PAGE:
And if any of you added “oh my!” to that, you’ve been watching a little too much “Wizard of Oz” lately!
It’s been a slow but steady couple of weeks, with a red-tailed hawk, a barred owl, a gray squirrel and, just this morning, a barn owl coming in.
The red tail came in with a nasty broken wing—the entire elbow was exposed, and one of the bones was snapped right at the joint, rendering it unfixable, so we had no choice but to euthanize. Based on the nature of the injury, raptor rehabber Steve Hicks of Bubba & Friends theorizes that the bird may have been attacked by a great horned owl, as the x-rays showed no signs of lead that would indicate a gunshot. This red tail was absolutely terrified when he came in, which is unusual for red tails and would also fit the GHO attack theory, according to Steve.
A few days later, I received a call about a hit-by-car (HBC) barred owl. This poor bird was concussed out of his gourd, his left eye was pretty cloudy, and he seemed to have some sort of neurological issue, as he couldn’t keep his head level and kept jerking it slowly from side to side. After a vet exam, I took him home and debated for a few days whether we needed to euthanize, as he had to be force-fed, couldn’t keep his left eye open, and the neurological issue didn’t seem to be clearing up.
The day I’d planned to take him back in for euthanasia, his head stopped jerking and he started eagerly snatching mice from the forceps, so he got a reprieve. The left eye is now open most of the time but is still fairly cloudy. Sometimes it can take up to a month for head injuries to fully heal, though, so he’s got a few more weeks yet and will soon need to be transferred to Bubba & Friends for flight conditioning.
The gray squirrel came in late in February, orphaned when the tree his nest was in was cut down. People, as I’ve mentioned before, there’s no good time in Georgia to fell a tree: in the early fall, squirrels have babies in the nest; in the winter, owls have babies in the nest; in the spring and summer, hawks, songbirds and squirrels have babies in the nest. If the tree absolutely MUST come down, PLEASE check for nests and make arrangements to relocate the babies. And remember, it’s against federal law to disturb a raptor or songbird nest with eggs or babies in it.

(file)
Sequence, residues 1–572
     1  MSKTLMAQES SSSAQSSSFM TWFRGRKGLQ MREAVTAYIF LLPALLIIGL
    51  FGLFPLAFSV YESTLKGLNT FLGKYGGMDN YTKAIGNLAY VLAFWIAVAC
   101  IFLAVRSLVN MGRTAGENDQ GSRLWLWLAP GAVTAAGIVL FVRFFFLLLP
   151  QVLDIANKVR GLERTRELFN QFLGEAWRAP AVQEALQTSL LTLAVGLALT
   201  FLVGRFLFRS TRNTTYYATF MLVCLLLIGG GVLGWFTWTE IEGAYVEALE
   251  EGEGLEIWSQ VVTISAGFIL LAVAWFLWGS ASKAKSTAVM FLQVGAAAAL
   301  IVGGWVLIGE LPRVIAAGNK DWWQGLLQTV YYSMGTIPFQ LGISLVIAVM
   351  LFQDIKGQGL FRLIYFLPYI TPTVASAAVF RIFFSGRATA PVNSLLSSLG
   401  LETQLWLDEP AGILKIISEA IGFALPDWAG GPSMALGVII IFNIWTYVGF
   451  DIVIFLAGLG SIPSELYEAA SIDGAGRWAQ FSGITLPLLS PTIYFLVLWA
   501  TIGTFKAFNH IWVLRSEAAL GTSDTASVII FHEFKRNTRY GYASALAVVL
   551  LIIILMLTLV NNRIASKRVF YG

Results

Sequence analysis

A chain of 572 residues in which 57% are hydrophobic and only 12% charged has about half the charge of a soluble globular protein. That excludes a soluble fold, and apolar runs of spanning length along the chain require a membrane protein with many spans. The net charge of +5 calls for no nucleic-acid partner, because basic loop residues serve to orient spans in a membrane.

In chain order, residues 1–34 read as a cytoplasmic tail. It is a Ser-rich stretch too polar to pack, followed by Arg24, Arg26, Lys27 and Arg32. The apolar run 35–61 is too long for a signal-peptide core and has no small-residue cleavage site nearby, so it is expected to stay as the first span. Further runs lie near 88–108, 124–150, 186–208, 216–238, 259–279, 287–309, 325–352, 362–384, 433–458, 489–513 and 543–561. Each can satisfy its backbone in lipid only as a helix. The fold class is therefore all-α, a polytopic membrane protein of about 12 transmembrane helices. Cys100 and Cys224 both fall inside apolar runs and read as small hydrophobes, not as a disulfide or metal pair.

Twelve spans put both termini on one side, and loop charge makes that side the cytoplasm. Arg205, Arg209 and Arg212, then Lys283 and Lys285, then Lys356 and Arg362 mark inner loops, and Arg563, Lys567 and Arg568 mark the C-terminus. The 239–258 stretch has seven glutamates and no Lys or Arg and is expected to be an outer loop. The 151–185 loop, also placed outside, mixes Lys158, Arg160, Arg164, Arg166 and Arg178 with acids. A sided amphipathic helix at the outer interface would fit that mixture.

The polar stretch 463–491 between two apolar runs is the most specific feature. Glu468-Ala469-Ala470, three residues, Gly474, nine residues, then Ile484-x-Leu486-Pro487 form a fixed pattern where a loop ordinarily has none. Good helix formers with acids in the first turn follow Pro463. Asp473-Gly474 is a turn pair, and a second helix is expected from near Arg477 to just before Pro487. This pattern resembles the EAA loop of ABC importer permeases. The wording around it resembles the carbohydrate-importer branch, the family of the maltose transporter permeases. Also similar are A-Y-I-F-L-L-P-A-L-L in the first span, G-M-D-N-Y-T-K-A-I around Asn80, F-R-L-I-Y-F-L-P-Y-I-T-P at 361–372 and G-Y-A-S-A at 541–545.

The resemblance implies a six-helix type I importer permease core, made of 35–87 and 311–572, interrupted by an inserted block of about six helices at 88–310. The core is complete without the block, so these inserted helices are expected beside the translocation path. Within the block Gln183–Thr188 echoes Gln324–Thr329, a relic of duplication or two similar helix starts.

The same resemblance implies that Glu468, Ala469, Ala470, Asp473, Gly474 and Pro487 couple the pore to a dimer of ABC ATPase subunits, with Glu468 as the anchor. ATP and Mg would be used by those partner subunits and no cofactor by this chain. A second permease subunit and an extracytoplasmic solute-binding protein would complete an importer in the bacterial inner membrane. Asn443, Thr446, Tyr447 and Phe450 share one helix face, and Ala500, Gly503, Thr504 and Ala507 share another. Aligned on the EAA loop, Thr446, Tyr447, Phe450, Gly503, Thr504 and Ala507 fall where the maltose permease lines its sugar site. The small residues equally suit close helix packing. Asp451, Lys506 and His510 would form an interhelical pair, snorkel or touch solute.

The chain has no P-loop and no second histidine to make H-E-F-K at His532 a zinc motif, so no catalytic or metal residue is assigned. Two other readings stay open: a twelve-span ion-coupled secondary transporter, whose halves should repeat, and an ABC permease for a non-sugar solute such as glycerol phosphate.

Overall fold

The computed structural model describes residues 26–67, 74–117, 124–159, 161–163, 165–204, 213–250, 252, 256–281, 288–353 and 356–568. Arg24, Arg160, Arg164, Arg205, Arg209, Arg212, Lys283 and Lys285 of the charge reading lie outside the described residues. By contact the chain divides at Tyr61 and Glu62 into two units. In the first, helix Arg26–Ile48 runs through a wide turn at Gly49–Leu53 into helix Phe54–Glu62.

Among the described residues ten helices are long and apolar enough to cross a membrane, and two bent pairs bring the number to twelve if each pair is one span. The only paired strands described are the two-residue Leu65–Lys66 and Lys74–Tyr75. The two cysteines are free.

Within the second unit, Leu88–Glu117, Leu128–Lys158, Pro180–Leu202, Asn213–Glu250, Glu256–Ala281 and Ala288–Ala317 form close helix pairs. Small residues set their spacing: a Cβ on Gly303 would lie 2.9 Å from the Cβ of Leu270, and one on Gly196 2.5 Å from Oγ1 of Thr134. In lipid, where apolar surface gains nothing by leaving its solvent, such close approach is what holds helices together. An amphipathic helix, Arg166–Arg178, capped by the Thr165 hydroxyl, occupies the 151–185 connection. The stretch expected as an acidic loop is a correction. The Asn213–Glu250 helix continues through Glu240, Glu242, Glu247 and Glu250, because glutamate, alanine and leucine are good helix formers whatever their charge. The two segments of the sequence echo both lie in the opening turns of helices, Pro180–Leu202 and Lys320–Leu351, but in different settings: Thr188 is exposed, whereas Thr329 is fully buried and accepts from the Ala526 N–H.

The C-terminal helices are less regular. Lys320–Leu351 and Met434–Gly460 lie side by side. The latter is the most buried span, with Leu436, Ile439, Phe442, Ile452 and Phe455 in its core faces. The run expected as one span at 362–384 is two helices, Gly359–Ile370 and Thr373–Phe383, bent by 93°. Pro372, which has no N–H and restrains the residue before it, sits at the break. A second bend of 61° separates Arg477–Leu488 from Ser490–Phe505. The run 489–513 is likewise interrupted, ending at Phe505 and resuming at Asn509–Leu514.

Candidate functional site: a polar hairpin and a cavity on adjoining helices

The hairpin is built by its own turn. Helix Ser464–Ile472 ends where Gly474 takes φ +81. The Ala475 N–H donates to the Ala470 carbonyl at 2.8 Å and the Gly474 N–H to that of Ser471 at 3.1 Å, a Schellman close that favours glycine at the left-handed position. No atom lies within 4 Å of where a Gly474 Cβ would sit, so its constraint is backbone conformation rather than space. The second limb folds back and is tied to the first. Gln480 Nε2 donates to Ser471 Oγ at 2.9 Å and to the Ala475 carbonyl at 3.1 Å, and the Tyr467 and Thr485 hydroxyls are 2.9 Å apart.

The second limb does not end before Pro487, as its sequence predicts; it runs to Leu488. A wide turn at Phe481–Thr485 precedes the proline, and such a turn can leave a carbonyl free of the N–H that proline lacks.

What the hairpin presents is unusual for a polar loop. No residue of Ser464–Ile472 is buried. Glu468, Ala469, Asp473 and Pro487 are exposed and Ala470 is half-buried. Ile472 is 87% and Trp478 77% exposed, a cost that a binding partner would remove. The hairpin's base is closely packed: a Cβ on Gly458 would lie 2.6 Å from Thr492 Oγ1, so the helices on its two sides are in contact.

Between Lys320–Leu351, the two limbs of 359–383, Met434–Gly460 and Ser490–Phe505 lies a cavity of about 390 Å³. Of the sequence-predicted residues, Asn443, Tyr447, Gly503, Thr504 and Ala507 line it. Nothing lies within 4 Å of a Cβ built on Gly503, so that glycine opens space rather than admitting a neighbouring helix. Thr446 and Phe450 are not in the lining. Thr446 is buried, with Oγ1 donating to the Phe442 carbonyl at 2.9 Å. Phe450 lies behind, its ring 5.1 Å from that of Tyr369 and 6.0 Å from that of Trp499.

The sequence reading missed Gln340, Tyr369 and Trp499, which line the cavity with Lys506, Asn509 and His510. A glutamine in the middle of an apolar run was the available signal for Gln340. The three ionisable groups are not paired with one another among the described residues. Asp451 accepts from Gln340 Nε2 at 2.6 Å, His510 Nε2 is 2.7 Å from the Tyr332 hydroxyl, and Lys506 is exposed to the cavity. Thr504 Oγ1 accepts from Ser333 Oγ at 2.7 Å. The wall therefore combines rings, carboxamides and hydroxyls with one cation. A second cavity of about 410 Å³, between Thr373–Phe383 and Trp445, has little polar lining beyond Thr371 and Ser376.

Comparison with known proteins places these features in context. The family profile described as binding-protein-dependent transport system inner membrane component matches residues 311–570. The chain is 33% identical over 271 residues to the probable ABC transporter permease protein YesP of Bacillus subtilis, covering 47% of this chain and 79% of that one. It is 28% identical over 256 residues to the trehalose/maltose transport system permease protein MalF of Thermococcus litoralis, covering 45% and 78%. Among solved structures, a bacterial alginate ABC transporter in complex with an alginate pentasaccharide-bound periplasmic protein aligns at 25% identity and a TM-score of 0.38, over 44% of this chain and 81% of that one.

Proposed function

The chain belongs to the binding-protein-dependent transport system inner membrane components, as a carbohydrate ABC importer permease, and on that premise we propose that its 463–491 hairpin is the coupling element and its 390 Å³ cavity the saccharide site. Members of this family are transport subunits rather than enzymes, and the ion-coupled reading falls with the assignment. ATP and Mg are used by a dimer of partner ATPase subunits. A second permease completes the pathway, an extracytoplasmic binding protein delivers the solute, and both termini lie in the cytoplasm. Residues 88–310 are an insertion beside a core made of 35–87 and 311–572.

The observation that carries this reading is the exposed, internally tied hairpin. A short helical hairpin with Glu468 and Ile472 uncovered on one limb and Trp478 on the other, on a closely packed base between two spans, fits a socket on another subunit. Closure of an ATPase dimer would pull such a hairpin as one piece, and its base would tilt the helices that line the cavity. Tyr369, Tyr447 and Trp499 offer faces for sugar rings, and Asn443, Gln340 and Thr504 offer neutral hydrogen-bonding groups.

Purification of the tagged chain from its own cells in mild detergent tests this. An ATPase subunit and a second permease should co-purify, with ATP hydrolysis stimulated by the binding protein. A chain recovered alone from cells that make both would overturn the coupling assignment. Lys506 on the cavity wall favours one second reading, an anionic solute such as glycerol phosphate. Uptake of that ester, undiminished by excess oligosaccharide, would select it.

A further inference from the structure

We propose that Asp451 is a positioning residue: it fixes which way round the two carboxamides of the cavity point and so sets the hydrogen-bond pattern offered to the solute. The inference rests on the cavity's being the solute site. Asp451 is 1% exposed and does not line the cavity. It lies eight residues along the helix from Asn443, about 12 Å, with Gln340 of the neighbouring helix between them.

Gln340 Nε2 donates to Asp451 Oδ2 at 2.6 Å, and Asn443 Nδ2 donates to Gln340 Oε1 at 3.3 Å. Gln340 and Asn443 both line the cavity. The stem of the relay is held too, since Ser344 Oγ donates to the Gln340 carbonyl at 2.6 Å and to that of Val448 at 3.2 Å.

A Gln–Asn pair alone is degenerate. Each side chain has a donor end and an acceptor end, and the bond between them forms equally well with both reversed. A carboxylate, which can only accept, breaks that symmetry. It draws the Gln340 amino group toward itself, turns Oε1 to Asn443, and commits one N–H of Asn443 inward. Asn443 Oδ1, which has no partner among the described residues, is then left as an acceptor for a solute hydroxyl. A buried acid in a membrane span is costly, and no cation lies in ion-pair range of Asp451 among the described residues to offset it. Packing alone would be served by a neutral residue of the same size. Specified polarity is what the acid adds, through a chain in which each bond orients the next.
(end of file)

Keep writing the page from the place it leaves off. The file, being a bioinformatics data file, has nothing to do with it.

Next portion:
End of lecture…for now…this little guy is growing by leaps and bounds, as you can see from these photos taken over the week and a half he’s been in rehab.
The barn owl came in near noon today, after a concerned couple saw him by the road in front of their house. They were aware enough of their natural surroundings to know he was “their” bird—one they watched in their yard frequently—and they called DNR to locate a rehabber, after removing him from danger and placing him in a cardboard box for transport. My thanks to them for their quick and level-headed action!
Upon intake, the barnie was concussed and lethargic, and it looked as if his left eye was pretty well trashed (see above photo), but I kept smelling pine tar, so I decided to see if I could clean his eye up a bit and determine if maybe it just had pine tar on it. To my delight, that was the problem with his eye; after cleaning, it looked perfectly normal.
However…he favors his right leg. It doesn’t feel broken, but there may be a hip/pelvic injury that even an x-ray won’t show. I’ve consulted with Steve Hicks, who says hip/pelvic injuries are not common in barnies, so our fingers are crossed that he’s just bruised and sore. Since he came in too late to get him to Smalley’s today for x-rays, we’ll have to wait until Monday to find out anything more definite on him. In the meantime, it’s dark, quiet and rest for him while his head stops hurting and the room stops spinning, poor baby.
Keep your fingers crossed that a massive headache and some bruising are the only issues he has, and of course, I’ll keep you posted on his status in the next update.
In closing, Laurens Wildlife Rescue has again this year been invited to join the Green Choice Campaign, but this requires YOUR participation: go to http://www.greatnonprofits.org/reviews/write/laurens-wildlife-rescue-inc/campaign:28
and post a review of LWR. You don’t have to’ve brought us animals in the past; one of the options under “Your role” is “general member of the public”. If LWR has at least 10 positive reviews (4 or 5 stars) by March 31, 2011, we will receive exposure to potential donors on the Great Nonprofits Top-Rated Green Nonprofits List. Last year we had two very positive reviews—I know more than two people read this blog, so click on that link and let’s get 10 positive reviews up there! (Be sure to click on “Green Choice” in the campaign drop-down menu.)